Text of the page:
Deloitte Sucked the Least In Latest Batch of U.K. Audit Quality Inspection Reports

A couple weeks ago the Financial Reporting Council in the U.K. released the results of its latest inspections of the Big 4 firms plus Grant Thornton, BDO, and Mazars, and it was the same ol’ story: audit quality is still really bad. How bad? Like one-third of the 88 audits reviewed during the 2019-20 inspection cycle being complete horsecrap bad. I’m sorry, “unacceptable” was the word the FRC used.

Some firms sucked more than others, but we’re going to start our review of the seven firms’ inspection reports with the one that sucked the least—Deloitte.

You might recall that Deloitte & Touche got to do a victory lap in early June after having the lowest audit deficiency rate (11.5%) among the six U.S. firms whose 2018 inspection reports were released by the PCAOB. That’s great and all, but Deloitte U.K. was the only firm to reach a target set by the FRC a few years ago, that at least 90% of FTSE 350 audits should be “good or requiring no more than limited improvements.” Deloitte did that in nine of 10 FTSE 350 audits reviewed by the U.K.’s audit cops.

In total, the FRC reviewed 17 Deloitte audits, and 76.4% needed little to no improvements. Of the remaining four audits, three required improvements and one was significantly bad.

Here are the areas where Deloitte auditors are still making screw-ups, according to the FRC:

  • On four audits there was insufficient assessment or challenge of management’s cash flow forecasts. On one of these audits, there was insufficient evidence for the appropriateness of the cash flow assumptions, including the impact of historical forecasting inaccuracies and errors in the cash flow models. The issues on the other audits included the impairment assessment not being undertaken at a sufficiently granular level, insufficient support for forecast contract renewals and inadequate justification for the level of cash flows used as the basis for the remaining forecast period.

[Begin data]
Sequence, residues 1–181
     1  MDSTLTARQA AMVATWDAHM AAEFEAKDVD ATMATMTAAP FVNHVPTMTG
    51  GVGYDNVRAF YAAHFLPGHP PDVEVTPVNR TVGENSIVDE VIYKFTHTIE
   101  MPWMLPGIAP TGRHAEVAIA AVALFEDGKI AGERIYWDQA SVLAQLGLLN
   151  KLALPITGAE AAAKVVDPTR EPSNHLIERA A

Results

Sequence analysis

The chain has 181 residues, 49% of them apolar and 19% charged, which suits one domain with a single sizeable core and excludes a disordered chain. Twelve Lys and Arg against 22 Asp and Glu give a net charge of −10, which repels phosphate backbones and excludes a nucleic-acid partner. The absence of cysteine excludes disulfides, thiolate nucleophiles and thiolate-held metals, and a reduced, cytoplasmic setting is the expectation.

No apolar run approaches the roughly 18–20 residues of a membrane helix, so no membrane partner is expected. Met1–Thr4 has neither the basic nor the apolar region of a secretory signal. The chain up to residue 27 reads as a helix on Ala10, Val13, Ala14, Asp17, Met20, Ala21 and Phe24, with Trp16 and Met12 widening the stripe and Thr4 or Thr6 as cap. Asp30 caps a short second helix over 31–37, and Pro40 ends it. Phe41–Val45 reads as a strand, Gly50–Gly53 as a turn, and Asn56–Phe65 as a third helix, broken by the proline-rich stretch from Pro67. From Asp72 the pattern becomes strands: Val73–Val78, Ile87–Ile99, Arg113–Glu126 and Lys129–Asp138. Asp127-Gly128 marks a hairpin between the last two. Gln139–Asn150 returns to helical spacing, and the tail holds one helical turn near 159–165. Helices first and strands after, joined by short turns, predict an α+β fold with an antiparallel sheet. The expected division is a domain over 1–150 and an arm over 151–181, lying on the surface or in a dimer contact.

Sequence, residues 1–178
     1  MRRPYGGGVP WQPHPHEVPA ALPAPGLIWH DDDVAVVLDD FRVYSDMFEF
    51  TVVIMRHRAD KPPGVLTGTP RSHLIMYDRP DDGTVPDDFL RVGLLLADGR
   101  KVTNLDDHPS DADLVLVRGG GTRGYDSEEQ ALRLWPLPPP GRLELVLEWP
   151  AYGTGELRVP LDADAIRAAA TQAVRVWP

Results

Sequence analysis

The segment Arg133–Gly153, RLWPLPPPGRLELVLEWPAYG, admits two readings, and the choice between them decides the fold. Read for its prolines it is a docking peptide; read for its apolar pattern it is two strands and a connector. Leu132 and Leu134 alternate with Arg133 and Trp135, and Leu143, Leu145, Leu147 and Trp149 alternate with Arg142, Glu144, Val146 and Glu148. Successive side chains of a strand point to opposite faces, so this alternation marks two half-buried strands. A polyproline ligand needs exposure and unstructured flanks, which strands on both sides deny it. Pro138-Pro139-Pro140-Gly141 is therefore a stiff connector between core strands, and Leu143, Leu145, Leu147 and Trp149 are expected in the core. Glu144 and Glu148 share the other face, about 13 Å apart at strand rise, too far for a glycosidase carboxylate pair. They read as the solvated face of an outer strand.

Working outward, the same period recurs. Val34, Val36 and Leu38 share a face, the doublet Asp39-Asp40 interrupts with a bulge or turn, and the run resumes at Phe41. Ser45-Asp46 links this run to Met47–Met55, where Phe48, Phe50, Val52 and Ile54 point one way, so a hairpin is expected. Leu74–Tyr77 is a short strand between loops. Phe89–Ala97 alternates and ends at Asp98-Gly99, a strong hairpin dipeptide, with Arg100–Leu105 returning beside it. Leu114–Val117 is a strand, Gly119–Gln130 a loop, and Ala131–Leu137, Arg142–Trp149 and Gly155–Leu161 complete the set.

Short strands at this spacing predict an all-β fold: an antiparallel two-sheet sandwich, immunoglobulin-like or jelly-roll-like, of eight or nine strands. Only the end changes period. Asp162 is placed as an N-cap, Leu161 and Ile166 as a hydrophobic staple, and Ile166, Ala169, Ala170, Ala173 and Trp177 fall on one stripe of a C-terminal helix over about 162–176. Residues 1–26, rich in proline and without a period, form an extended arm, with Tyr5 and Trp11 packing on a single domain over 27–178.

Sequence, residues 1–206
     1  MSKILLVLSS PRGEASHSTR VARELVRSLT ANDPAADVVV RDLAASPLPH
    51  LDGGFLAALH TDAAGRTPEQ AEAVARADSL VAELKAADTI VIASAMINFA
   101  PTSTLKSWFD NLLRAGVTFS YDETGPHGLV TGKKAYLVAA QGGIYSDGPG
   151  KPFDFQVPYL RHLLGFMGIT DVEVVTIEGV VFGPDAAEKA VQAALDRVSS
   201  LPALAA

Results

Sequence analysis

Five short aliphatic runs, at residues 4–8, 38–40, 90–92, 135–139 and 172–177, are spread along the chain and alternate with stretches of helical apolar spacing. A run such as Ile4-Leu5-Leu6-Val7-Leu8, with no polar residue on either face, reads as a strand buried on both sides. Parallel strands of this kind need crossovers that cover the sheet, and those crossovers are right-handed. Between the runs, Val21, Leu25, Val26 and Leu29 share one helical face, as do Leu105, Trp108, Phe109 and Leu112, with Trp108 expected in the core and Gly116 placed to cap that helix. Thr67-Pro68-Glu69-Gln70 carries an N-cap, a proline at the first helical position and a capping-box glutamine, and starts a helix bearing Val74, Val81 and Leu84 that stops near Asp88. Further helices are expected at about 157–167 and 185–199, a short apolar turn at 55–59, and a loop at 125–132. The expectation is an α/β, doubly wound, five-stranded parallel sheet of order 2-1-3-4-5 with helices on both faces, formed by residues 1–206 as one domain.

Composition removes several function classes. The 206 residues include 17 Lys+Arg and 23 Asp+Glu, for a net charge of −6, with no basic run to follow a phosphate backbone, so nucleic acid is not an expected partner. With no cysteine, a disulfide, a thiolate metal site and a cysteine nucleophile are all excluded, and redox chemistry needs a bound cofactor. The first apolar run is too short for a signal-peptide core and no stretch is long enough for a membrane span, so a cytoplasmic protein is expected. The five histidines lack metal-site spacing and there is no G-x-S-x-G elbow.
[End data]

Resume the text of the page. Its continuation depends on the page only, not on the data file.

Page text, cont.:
• On two further audits we raised issues about the extent of audit evidence supporting the audit team’s conclusions on the level of impairment or available headroom. In one of these audits, the audit team modelled a number of potential scenarios, including factoring in more pessimistic industry forecasts, but there was insufficient support for the weighting placed on the different scenarios. In another case, the audit team did not sufficiently demonstrate to what extent the downside risks in the forecasts could be mitigated by other revenue streams.
  • In addition, on one of these audits, there were differences between the forecasts underpinning the impairment review and those used in the going concern assessment; the audit team did not reconcile the impairment and going concern cash flows.

But overall, Deloitte has had a pretty good run of having more high-quality audits than botched audits since 2015-16, as this graph from the FRC indicates:But it only goes downhill from here folks, as many of the other six U.K. firms inspected by the FRC can’t seem to get this audit quality thing figured out.

[Deloitte U.K. audit quality inspection report]

Related article:

Deloitte’s 2018 PCAOB Inspection Report Shows They’ve Gotten a Lot Better At This Thing Called Auditing

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